It is also about understanding that we will both have bad days.
This is a biggie for us. We’re both hot tempered in a different way and can be moody just by waking up on the wrong side of the bed. We’ve had arguments purely because we were mad at ourselves and not at each other. But they always end with the both of us walking away for a little space and time, and coming back to one another once we’ve calmed down to talk about it.
I’ve always been the one to not apologize. I realized it was because the men I used to date would refuse to apologize for anything. The first time he apologized, I was caught off guard. I could see it was difficult for him, but he wanted us to be right more than he needed to be. After that, I found myself apologizing for my mistakes too! Because it was more important for us to be right with each other than for one of us to claim victory over a fight.
I’m prepared to admit I’ve had more bad days than he did, and I probably will in the future. But it doesn’t seem that daunting anymore because I now know he will be there for me through thick and thin. The least I can do is not treat it like a chore when he’s having a bad day.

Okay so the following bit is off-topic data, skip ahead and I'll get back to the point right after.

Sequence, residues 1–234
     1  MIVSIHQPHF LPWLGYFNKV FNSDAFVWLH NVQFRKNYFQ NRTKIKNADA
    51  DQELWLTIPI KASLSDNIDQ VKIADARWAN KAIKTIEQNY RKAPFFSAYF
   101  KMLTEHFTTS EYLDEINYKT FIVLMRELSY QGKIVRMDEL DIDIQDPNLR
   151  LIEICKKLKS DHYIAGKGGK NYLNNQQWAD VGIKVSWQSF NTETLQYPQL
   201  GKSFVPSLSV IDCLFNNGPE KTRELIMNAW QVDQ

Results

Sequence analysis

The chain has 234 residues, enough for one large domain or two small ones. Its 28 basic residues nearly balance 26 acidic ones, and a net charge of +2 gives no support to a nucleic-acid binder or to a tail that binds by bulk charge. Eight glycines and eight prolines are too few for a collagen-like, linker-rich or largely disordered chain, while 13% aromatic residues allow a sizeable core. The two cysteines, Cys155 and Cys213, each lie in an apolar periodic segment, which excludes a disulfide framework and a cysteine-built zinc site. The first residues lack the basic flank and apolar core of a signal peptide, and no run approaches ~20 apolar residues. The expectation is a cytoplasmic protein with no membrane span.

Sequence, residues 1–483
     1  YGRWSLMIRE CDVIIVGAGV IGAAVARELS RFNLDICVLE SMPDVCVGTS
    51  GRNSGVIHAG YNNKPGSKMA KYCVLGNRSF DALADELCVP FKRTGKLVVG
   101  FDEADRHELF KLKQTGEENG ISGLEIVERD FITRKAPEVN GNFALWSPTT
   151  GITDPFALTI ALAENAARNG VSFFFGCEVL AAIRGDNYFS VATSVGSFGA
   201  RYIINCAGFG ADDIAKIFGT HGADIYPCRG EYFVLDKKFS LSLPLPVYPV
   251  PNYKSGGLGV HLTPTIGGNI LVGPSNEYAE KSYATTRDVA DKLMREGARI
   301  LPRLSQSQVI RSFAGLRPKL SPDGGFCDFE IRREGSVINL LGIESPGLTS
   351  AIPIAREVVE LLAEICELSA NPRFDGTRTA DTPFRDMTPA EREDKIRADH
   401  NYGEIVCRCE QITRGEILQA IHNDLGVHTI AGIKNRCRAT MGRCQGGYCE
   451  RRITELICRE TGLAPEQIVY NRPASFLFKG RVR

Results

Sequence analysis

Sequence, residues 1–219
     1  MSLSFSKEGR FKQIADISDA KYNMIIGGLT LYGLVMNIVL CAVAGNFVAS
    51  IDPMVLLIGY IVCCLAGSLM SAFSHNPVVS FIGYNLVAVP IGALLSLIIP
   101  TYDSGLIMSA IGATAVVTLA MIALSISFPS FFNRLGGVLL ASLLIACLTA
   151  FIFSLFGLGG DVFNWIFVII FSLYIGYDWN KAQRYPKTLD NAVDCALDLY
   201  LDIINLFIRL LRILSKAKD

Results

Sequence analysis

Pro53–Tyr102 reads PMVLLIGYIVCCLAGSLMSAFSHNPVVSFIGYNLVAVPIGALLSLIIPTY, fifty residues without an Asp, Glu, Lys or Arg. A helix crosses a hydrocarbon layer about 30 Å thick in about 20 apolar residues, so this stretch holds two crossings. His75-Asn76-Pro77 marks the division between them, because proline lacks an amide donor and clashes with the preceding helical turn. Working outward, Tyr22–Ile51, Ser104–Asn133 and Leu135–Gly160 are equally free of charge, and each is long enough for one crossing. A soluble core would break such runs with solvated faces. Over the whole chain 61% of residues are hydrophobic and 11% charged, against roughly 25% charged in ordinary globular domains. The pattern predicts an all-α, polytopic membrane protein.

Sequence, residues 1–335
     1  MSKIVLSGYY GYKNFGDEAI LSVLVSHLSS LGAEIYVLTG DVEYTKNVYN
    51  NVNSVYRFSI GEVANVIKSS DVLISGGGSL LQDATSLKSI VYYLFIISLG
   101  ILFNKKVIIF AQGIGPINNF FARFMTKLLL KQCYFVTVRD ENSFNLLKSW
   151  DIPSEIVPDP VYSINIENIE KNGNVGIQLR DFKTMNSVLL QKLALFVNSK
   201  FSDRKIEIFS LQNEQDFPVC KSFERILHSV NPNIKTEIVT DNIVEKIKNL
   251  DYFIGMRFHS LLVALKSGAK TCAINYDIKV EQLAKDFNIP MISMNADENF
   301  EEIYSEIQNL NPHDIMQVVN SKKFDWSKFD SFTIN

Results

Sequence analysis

How do we know when the other is having a bad day? We communicate.
Every relationship article stresses that communication is key to a successful relationship, but they don’t specify the metrics of a successful relationship, nor do they specify the type of communication. I was never able to fully express myself in my past relationships and have had to hide a part of myself just to make things work.
We had two things going for us — we were forced to talk because we were in a long-distance relationship, and he loved to talk. I remember marveling at how many hours we’ve spent on the phone talking about everything and anything — from how our future kids would look like to our favorite foods to our sexual desires. We were put in a situation that if we didn’t get to know each other thoroughly, it wouldn’t have worked out between us. Because of that, we’ve unconsciously built a solid foundation based on honest, judgment-free communication. That is ultimately what you need in a healthy relationship. Do we disagree when we don’t like what we’re hearing? Of course, we do! But we’ve never judged or held a grudge over each other for it because guess what… it’s ok when you agree to disagree. It doesn’t change how we feel or who we are.
All this has made us a better team.
We’ve gone through every hurdle life has thrown at us just to be together. Not once did we make the other go through it alone. There were times we felt alone but the other one was always there listening, giving little words of encouragement and assurance. It truly feels like it’s us against the world; that we can take on any challenges so long as we do it together.
I found my knight after I stopped being a damsel in distress. Because no one should feel like they have to constantly rescue their partner.
Also published on Medium